Swiss Wine Regions

Glossary of A

A.O.C.

French. Abbreviation for Appellation d’origine contrôlée (controlled designation of origin)

A.P. number

German. Abbreviation for Amtliche Prüfnummer which is Germany’s attempt to reduce massive confusion generated from most German wine labels. It is a unique, official number designating region, village, estate, unique bottling number, and year of tasting (usually the year after the vintage).

Acid

There are four major acids found in wine: tartaric, malic, lactic and citric. Acid is identifiable by the crisp, fresh character it imparts to a wine’s palate. Too much can lead to a sharp, sour taste; too little can leave a wine flabby and out of balance.

Acidity

The quality of tartness, sourness and sharpness that gives wine its crispiness and vitality. A proper balance of acidity must be struck with the other elements of a wine, or else the wine may be said to be too sharp (having disproportionately high levels of acidity) or too flat (having disproportionately low levels of acidity).

Acrid

A tasting term for wine with too much acidity.

Aftertaste

A tasting term for the taste left on the palate after wine has been swallowed.

Aging barrel

A barrel, often made of oak, used to age wine or distilled spirits.

Alcohol

Ethyl alcohol (C2H5OH) is produced by the action of natural or added yeast on grape sugars during fermentation.

Altar wine

The wine used by the Catholic Church in celebrations of the Eucharist.

Alternative wine closures

Various substitutes used in the wine industry for sealing wine bottles in place of traditional cork closures.

American hybrid

Grape varieties which have been crossbred from American and European vines.

Ampelography

The branch of botany concerned with identification and classification of grapevines. Traditionally this was done by comparing the shape and color of vine leaves and grape berries. It has been revolutionized by DNA fingerprinting.

Amphora

A type of ceramic vase, used for transporting and storing wine in ancient times.

Angel’s share

The portion of a wine in an aging barrel that is lost to evaporation.

Anthocyanin

Phenolic pigments that give red wine its color.

Appellation

A recognised wine-growing region.

Aroma

The smell of a wine. The term is generally applied to younger wines, while the term bouquet is reserved for more aged wines.

Ascorbic acid

A natural component found in wine that is sometimes added to prevent oxidation occurring. If ascorbic acid (Vitamin C) has been added, the wine label will show Antioxidant 300 added.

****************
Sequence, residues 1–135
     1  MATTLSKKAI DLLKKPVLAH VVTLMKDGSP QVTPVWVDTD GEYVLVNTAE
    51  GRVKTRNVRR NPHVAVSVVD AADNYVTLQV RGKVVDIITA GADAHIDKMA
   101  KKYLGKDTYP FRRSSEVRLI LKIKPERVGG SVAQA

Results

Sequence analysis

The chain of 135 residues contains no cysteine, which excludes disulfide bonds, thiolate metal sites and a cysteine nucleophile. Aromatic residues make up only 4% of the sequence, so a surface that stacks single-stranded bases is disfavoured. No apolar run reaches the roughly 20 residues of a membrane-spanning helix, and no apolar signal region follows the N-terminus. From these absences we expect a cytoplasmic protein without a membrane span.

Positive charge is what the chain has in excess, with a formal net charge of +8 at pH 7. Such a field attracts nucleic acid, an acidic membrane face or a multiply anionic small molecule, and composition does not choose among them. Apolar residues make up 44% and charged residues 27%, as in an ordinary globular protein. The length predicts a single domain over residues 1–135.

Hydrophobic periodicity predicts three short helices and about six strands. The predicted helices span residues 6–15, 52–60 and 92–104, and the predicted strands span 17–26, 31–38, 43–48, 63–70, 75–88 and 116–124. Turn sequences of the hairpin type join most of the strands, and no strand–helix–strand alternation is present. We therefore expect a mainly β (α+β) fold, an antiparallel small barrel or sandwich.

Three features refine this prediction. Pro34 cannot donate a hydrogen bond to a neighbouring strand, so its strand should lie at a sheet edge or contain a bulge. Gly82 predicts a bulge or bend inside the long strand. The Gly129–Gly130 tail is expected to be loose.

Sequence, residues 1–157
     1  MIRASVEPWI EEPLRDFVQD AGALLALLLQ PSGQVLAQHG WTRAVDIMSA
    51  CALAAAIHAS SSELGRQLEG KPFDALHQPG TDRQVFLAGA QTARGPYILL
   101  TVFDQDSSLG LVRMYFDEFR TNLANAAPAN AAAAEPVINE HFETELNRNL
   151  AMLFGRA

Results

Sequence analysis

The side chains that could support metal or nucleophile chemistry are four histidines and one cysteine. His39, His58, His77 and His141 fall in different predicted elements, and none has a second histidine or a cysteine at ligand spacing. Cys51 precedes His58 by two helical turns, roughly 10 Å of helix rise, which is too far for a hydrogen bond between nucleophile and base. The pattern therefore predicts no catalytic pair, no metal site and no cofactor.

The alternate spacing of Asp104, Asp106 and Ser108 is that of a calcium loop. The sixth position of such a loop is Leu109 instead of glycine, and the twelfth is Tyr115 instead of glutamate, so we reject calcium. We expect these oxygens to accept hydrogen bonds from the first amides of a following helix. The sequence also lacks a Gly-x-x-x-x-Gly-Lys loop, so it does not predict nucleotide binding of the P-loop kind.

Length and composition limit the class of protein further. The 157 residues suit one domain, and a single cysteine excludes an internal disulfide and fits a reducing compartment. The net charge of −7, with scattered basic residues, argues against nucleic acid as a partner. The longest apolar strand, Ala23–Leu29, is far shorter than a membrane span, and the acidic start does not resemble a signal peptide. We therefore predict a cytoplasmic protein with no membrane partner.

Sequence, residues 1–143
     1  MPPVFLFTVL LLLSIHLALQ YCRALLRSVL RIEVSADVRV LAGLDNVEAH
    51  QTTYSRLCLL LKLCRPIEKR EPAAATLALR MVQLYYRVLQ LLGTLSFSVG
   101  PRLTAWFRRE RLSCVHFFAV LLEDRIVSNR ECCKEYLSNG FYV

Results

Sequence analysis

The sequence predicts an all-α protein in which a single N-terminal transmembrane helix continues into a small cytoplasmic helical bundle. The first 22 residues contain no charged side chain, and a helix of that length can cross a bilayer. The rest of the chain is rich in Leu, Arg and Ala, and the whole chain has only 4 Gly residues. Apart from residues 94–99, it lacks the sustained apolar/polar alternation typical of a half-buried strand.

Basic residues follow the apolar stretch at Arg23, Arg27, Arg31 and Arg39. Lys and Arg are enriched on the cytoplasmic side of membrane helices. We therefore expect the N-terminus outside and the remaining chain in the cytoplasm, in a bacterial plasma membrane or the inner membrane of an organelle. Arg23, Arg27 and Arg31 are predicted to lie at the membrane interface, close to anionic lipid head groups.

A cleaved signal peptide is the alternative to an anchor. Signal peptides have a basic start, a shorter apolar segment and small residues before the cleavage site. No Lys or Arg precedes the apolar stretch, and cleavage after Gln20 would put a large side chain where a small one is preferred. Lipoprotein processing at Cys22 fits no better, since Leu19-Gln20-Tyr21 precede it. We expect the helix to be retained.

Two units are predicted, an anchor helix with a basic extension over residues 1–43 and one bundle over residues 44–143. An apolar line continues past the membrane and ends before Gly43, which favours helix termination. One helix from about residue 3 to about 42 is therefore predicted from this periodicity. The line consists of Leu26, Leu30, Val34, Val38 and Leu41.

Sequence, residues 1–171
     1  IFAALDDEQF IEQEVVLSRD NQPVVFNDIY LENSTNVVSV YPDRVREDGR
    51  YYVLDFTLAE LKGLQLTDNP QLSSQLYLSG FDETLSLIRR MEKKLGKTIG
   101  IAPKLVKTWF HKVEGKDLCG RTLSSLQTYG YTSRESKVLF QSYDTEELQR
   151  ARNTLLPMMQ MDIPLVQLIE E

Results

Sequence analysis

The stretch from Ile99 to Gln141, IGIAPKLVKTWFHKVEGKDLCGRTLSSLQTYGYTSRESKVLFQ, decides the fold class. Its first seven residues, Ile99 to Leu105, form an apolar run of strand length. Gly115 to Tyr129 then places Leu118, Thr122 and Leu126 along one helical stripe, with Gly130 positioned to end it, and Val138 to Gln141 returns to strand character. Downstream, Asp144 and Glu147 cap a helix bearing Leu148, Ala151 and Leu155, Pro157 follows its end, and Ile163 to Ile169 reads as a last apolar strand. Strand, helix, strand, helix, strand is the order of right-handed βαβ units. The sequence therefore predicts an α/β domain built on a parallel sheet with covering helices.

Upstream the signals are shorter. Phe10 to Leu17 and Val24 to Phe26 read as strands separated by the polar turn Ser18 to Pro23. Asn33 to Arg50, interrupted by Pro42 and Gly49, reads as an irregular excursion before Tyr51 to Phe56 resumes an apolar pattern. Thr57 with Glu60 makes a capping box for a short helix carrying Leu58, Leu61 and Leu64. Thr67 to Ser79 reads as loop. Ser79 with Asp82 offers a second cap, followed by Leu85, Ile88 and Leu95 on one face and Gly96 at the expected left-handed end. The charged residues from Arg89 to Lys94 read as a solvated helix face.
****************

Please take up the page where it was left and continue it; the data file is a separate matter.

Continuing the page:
Astringent

Describes a harsh, dry, mouth-puckering sensation, usually due to high levels of tannin or acids present in red wines (and some whites).

ATF

Abbreviation for the Bureau of Alcohol, Tobacco and Firearms, a United States government agency which is primarily responsible for the regulation of wines sold and produced in the United States.

Austere

Generally meant to indicate a wine that has flavors that are closed. In other words, without strong recognizable varietal or oak characters.

Glossary by Letter

  • A (21)
  • B (36)
  • C (38)
  • D (17)
  • E (8)
  • F (24)
  • G (5)
  • H (7)
  • I (4)
  • J (2)
  • K (1)
  • L (10)
  • M (25)
  • N (5)
  • O (10)
  • P (23)
  • Q (1)
  • R (13)
  • S (31)
  • T (21)
  • U (2)
  • V (22)
  • W (11)
  • Y (2)
  • Z (1)

The Wine Grapes of Switzerland

Pinot Gris

Called Malvoisie in Valais, this grape has nothing to do with any of the Malvoisie varieties of the Muscat family and is another of the mutations of Pinot Noir. A vine grown in many of the Swiss areas, in Valais, Pinot Gris produces a fine sweet late harvest wine with honey overtones.

Gouais Blanc

A promiscuous grape. Not good for much, but with a long, long line of descendents, including the noble Chardonnay and Pinot Noir. Possibly from Croatia, it’s called Heunisch Weiss in Central Europe.

The name Gouais is comes from ‘gou’, which is a scornful word from old French referring to its standing as the grape of the peasants. Very prevalent in the Ile-de-France and in the Champagne during the Middle Ages and perhaps brought into Valais by the descendants of the Ligurians.

Acidic and with little residual sugar, it’s primarily used to blend with low acidic wine to give it a bit of liveliness. Ampelographic studies in the old vineyards of Oberwallis have found a red Gwäss with the same characteristics as the white Gwäss. Almost abandoned, it survives in Haut-Valais hiding under the alias of Gwäss, thanks to Mr. Josef-Marie Chanton, http://www.chanton.ch/home.html

Müller-Thurgau

Developed in Germany by Prof. Müller (from Thurgau), this early maturing white grape variety is one of the principal white grapes cultivated in German-speaking Switzerland. Produces elegant, aromatic wines when grown in cool temperate climates. In warmer locations these qualities tend to be masked by a certain heaviness and lack of acidity.

In vino veritas.

Pliny the Elder

Swiss Alps, cows, wine bottle and large clock face in Bern, Switzerland

Fine Swiss Wine

Discover Switzerland’s odd grapes, small producers, and eclectic tastes